It would be two long years before they started to even crack the Top Forty. By December of 1961, they were recording tracks for their debut album “Meet The Supremes”, that wouldn’t be released until the end of ’62. Barbara Martin quit after they recorded their next single in early ‘62, leaving the group down to a trio for the rest of their career. It wouldn’t be until 1964 when they finally reached the coveted Number One Pop position with the timeless “Where Did Our Love Go”, which sold two million copies upon its release. Soon, they would be churning out incredible hit after incredible hit, “Baby Love”, Come See About Me”, “Stop! In the Name of Love”, “You Can’t Hurry Love”, “You Keep Me Hanging On”, “I’m Gonna Make You Love Me”, “Someday We’ll Be Together”, all written by the songwriting partnership of Holland-Dozier-Holland. They had found their formula.

Today, they are considered the best girl group of all time. Girl groups poured out in the dozens over the decades after the Supremes, culminating with Destiny’s Child, the only other female vocal group worthy of their legacy. During the Sixties, the Supremes were the most popular group in the world after the Beatles and America’s favorite vocal group, with twelve Number One Pop singles, 33 singles in the Pop Top Forty, twelve Top Ten Pop and Five Number One albums. Once they hit Number One with “Where did Our Love Go”, they would go on to hit the top spot four more times in a row with each single release, a record for consecutive Number Ones by an American vocal group. This was an insurmountable feat in the wake of the British Invasion led by the Beatles, also occurring in ’64. The Supremes offered an alternative to British rock ‘n’ roll that fit a huge niche.

Berry Gordy always gave special attention to the Supremes throughout their career. Although they went through the Motown Process, receiving instructions in dance, etiquette and singing, they had already arrived into the Motown fold with their own outfits and dance moves, having been touring and singing as the Primettes already. Rumors abounded over the years suggesting a dalliance between Diana Ross and Berry Gordy, a notion that would never be acknowledged until 1994 in Gordy’s autobiography “To Be Loved”, where he first admits publicly that Ross’ eldest daughter Rhonda is his.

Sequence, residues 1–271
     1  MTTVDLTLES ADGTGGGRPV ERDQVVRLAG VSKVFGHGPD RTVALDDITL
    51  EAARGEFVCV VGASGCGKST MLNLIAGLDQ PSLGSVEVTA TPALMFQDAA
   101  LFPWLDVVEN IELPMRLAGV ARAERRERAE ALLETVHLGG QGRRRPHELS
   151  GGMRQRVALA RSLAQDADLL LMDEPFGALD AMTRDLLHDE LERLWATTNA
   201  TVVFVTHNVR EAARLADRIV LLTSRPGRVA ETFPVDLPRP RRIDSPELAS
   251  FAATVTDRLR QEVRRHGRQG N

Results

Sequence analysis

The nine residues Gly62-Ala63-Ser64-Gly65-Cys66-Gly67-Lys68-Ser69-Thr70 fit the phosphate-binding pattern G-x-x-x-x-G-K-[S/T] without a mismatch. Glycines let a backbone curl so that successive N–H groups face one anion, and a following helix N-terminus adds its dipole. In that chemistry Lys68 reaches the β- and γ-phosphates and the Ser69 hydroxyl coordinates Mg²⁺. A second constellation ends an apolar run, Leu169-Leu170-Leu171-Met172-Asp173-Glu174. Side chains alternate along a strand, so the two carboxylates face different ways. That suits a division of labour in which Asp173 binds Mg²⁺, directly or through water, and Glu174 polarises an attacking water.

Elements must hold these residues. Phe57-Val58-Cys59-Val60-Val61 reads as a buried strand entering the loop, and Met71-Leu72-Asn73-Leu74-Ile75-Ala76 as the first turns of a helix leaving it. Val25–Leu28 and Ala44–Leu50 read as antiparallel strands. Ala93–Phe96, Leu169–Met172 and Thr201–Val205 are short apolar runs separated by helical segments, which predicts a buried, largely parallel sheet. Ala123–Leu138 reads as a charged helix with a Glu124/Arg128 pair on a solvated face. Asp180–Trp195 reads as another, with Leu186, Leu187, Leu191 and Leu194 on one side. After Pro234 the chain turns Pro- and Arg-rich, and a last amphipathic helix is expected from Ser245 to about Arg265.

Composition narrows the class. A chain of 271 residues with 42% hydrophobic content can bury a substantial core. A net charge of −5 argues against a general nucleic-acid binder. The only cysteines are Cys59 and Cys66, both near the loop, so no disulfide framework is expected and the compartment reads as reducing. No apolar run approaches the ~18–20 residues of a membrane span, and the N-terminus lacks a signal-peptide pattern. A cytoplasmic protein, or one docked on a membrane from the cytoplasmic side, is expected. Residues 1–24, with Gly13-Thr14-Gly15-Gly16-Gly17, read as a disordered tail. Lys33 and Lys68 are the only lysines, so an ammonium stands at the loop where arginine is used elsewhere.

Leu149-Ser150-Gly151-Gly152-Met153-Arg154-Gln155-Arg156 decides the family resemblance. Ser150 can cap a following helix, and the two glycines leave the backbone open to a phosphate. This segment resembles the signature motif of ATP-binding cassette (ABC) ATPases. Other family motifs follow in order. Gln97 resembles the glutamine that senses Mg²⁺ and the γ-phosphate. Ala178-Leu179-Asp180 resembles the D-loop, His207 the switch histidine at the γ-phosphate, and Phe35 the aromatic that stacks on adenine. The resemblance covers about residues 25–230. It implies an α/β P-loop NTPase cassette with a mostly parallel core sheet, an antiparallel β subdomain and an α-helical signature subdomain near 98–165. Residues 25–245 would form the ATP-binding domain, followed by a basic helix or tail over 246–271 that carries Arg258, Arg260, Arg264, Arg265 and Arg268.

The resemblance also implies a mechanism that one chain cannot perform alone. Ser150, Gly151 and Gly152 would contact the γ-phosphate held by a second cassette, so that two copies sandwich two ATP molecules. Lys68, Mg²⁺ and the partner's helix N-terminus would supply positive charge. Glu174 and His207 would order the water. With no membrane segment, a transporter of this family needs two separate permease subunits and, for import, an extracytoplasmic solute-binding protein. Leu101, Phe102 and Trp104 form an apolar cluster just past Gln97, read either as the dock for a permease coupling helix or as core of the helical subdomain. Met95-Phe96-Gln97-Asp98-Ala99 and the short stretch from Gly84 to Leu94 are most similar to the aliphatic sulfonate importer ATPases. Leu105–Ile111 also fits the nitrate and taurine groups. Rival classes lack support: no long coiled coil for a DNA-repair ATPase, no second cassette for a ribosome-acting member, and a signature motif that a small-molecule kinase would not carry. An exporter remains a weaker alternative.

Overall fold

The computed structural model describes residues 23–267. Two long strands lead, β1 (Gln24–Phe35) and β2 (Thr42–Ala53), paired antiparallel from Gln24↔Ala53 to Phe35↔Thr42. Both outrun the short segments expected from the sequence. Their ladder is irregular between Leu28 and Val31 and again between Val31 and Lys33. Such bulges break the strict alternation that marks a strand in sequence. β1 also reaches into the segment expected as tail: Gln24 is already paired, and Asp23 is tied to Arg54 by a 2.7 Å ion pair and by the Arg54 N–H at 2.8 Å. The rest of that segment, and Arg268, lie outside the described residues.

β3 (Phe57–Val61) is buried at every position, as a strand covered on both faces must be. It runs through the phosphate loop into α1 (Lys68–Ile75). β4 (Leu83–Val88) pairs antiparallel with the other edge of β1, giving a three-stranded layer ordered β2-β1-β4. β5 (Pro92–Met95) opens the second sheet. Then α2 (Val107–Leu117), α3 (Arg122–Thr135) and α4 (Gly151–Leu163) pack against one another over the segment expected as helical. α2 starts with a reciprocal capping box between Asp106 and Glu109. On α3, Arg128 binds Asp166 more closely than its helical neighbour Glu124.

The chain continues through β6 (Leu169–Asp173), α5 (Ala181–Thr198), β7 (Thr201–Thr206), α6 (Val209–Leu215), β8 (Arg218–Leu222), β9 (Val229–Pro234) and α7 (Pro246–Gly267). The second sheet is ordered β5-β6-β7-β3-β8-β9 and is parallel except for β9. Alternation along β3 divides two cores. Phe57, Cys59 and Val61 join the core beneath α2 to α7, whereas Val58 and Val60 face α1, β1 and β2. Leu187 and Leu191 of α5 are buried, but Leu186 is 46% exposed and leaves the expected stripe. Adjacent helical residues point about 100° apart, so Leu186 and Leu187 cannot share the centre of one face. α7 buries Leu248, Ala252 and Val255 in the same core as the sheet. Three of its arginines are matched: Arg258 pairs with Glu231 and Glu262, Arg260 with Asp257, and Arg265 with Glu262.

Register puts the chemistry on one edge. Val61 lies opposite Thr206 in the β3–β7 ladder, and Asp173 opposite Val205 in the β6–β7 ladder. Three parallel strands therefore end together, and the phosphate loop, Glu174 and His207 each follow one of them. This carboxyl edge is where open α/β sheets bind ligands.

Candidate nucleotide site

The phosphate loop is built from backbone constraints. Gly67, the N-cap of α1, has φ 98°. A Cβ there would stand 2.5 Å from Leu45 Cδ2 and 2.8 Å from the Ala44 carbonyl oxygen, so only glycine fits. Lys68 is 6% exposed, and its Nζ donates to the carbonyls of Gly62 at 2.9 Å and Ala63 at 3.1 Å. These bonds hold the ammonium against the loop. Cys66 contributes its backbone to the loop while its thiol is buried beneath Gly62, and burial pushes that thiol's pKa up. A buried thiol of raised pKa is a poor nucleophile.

The Supremes remained the same trio until 1967, when Florence Ballard was replaced by Cindy Birdsong. Flo, who started the trio, had become increasingly resentful at Gordy for having made Diana Ross the main star, and the last straw was when Gordy changed the name of the group to Diana Ross & The Supremes. Ballard resorted to drink and her alcoholism ultimately overcame her, becoming increasingly unreliable, missing live performances or performing drunkenly. Her final appearance live with the Supremes occurred when she unbuttoned her outfit and exposed her stomach to the crowd. She was released by Motown in 1968, married her boyfriend and recorded several unsuccessful albums. On February 20, 1976, she entered the hospital complaining of numbness in her extremities. She died the next morning of coronary thrombosis. Florence Ballard was thirty-two years old.

Intent on making Diana Ross not just a musical artist but a film star as well, she eventually left the Supremes in 1970 and basically sounded the group’s death knell. Ross continued a very successful solo career that extended into the Eighties with hit single after hit single. She also made popular films like “Lady Sings the Blues” (1972), where she plays Billie Holliday, and “Mahogany” (1975), in which she sings the title song, taking the single to Number One and receiving an Academy Award nomination.